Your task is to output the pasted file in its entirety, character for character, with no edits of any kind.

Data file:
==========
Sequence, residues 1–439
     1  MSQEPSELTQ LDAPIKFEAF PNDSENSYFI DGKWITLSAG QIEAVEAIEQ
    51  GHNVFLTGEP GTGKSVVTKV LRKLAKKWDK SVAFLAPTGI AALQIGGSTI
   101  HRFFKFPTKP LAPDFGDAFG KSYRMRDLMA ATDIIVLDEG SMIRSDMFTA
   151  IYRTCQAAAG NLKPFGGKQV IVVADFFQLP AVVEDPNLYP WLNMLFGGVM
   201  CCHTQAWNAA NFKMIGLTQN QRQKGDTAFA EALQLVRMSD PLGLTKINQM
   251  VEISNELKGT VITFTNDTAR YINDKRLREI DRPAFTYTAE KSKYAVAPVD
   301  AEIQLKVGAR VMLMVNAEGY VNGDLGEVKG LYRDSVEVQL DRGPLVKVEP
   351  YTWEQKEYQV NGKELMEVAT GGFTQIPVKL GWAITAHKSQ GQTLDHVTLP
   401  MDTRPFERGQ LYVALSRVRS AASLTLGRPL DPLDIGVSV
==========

Sequence, residues 1–439
     1  MSQEPSELTQ LDAPIKFEAF PNDSENSYFI DGKWITLSAG QIEAVEAIEQ
    51  GHNVFLTGEP GTGKSVVTKV LRKLAKKWDK SVAFLAPTGI AALQIGGSTI
   101  HRFFKFPTKP LAPDFGDAFG KSYRMRDLMA ATDIIVLDEG SMIRSDMFTA
   151  IYRTCQAAAG NLKPFGGKQV IVVADFFQLP AVVEDPNLYP WLNMLFGGVM
   201  CCHTQAWNAA NFKMIGLTQN QRQKGDTAFA EALQLVRMSD PLGLTKINQM
   251  VEISNELKGT VITFTNDTAR YINDKRLREI DRPAFTYTAE KSKYAVAPVD
   301  AEIQLKVGAR VMLMVNAEGY VNGDLGEVKG LYRDSVEVQL DRGPLVKVEP
   351  YTWEQKEYQV NGKELMEVAT GGFTQIPVKL GWAITAHKSQ GQTLDHVTLP
   401  MDTRPFERGQ LYVALSRVRS AASLTLGRPL DPLDIGVSV